In 2021, a YouGov poll found 81 percent of Britons over 65s want the monarchy to remain, but 41 percent of 18 to 24-year-old people in the UK want an elected head of state. People are less deferential than they used to be.
The monarchy of course is more than a dysfunctional family. It is an institution, that for many, defines Britishness around the globe. There is an argument which says the royals boost tourism in the UK and they are “value for money.” This is heavily disputed and difficult to prove. Moreover, the true cost of the monarchy is far beyond the Sovereign Grant – the money taken from public funds to supposedly pay for royal duties. Add the huge sums spent on security for the extended family, and that they live in palaces and castles actually owned by the public, and that they enjoy privileged tax breaks. One estimate puts the cost at £345 million ($467 million) a year. The Queen and Prince Charles also draw tens of millions from landholdings through the Duchies of Cornwall and Lancaster, archaic organizations whose ownership and dealings are obscure but whose income the royals claim only by virtue of their rank. It is money that belongs in the pockets of the British people.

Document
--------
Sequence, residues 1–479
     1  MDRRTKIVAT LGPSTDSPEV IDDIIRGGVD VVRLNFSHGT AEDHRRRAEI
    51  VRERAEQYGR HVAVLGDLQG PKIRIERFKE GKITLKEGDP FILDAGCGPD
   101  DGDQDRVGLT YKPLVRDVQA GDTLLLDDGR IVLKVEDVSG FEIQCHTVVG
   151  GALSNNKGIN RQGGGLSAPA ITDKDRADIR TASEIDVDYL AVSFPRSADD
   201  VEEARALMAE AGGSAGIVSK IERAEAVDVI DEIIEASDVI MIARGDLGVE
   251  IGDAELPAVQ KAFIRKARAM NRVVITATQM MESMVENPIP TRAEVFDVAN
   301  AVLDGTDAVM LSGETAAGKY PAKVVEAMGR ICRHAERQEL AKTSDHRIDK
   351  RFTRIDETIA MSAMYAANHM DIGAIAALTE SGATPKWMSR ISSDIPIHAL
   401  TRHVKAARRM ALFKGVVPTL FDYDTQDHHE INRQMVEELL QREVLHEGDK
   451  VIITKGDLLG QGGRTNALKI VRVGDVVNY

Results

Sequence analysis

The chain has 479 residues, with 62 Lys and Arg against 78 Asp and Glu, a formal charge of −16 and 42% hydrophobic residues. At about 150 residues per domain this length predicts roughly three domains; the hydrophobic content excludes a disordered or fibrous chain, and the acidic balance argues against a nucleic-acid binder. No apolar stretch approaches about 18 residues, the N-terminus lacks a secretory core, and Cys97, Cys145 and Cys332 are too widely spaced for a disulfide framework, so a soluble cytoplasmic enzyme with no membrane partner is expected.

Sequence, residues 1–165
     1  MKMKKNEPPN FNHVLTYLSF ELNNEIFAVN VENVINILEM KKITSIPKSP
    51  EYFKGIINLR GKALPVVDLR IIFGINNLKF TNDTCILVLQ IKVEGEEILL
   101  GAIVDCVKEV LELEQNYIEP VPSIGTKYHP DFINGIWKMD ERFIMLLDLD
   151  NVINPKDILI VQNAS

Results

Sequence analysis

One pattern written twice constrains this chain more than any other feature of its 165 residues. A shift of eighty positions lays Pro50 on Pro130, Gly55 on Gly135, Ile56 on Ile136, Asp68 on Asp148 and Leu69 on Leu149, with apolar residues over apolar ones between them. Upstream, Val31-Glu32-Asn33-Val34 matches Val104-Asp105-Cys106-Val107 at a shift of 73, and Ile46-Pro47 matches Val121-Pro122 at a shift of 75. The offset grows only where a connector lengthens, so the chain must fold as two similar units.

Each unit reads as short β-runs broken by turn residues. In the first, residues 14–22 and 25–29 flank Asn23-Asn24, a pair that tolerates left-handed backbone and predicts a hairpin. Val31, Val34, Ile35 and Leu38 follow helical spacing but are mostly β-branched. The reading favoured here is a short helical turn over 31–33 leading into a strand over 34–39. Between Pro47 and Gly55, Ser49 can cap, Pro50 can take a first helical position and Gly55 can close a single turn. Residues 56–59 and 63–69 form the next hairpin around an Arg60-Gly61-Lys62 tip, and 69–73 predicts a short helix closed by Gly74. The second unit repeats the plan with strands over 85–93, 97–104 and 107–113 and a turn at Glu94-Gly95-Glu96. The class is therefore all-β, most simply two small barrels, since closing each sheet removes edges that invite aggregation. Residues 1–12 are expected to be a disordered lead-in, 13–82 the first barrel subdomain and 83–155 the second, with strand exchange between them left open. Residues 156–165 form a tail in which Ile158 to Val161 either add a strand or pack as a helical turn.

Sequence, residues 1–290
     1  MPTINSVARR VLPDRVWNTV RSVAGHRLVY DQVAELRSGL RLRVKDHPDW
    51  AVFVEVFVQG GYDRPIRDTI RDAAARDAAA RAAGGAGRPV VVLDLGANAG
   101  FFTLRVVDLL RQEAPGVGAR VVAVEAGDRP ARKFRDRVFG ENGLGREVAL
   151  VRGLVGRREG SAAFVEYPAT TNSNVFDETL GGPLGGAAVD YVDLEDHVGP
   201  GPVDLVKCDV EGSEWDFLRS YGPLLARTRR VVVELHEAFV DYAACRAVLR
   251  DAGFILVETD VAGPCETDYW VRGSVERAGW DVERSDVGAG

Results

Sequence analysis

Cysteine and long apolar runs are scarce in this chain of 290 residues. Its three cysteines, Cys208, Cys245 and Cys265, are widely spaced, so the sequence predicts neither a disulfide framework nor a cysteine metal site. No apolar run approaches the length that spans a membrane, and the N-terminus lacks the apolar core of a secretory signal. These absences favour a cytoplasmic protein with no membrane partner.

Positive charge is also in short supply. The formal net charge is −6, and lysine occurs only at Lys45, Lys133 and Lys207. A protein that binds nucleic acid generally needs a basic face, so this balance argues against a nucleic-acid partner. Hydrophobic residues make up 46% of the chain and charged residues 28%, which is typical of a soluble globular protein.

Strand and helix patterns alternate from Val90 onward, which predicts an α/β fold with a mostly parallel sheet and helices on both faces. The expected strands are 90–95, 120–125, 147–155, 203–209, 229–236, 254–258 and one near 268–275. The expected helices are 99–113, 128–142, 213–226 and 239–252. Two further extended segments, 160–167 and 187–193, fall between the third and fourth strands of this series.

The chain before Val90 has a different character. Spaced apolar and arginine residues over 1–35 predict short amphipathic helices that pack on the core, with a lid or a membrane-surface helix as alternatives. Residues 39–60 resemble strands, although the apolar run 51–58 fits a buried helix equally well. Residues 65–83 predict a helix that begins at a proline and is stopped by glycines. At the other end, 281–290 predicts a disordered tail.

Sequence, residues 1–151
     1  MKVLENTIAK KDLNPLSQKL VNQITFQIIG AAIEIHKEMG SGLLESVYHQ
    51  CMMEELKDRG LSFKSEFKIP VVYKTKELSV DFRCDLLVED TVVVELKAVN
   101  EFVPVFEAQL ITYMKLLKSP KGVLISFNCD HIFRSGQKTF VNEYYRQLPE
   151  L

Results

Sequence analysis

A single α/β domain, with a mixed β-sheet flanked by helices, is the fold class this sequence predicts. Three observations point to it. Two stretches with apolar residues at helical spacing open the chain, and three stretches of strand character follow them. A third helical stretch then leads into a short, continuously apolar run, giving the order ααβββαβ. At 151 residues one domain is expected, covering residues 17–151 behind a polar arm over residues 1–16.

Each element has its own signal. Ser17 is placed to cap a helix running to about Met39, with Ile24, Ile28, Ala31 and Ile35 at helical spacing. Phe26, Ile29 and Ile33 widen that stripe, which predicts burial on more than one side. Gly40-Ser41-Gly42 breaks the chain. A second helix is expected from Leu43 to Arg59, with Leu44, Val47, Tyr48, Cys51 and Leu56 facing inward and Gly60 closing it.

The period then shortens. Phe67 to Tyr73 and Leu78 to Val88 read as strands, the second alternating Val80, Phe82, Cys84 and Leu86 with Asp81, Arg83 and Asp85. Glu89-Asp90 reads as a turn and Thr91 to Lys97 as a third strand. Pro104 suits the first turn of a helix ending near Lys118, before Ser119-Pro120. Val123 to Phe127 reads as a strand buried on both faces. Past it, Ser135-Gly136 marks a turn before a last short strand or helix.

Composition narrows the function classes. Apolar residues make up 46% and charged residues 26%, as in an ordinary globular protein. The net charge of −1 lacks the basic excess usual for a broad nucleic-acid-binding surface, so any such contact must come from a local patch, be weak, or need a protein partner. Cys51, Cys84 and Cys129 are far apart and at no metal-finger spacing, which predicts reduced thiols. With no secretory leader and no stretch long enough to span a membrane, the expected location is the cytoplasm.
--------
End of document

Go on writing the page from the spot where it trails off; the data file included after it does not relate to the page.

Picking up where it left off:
The extent of the vast wealth of the House of Windsor is a mystery, but the Queen is regarded as one of the richest people on Earth.
Some see the role of the monarchy as purely ceremonial. In fact, there are sweeping and important constitutional powers. But these are exercised by royal prerogative – that is, they are carried out by the prime minister, supposedly in the Queen’s name. The monarch opens and dissolves parliament, appoints and dismisses prime ministers, agrees to legislation, appoints judges – but only on the advice of the prime minister. By retaining a monarchy, politicians retain the power – even the power to declare war without consulting parliament – which they are loathed to surrender. Similar powers are given to ministers to effect secondary legislation without consulting parliament.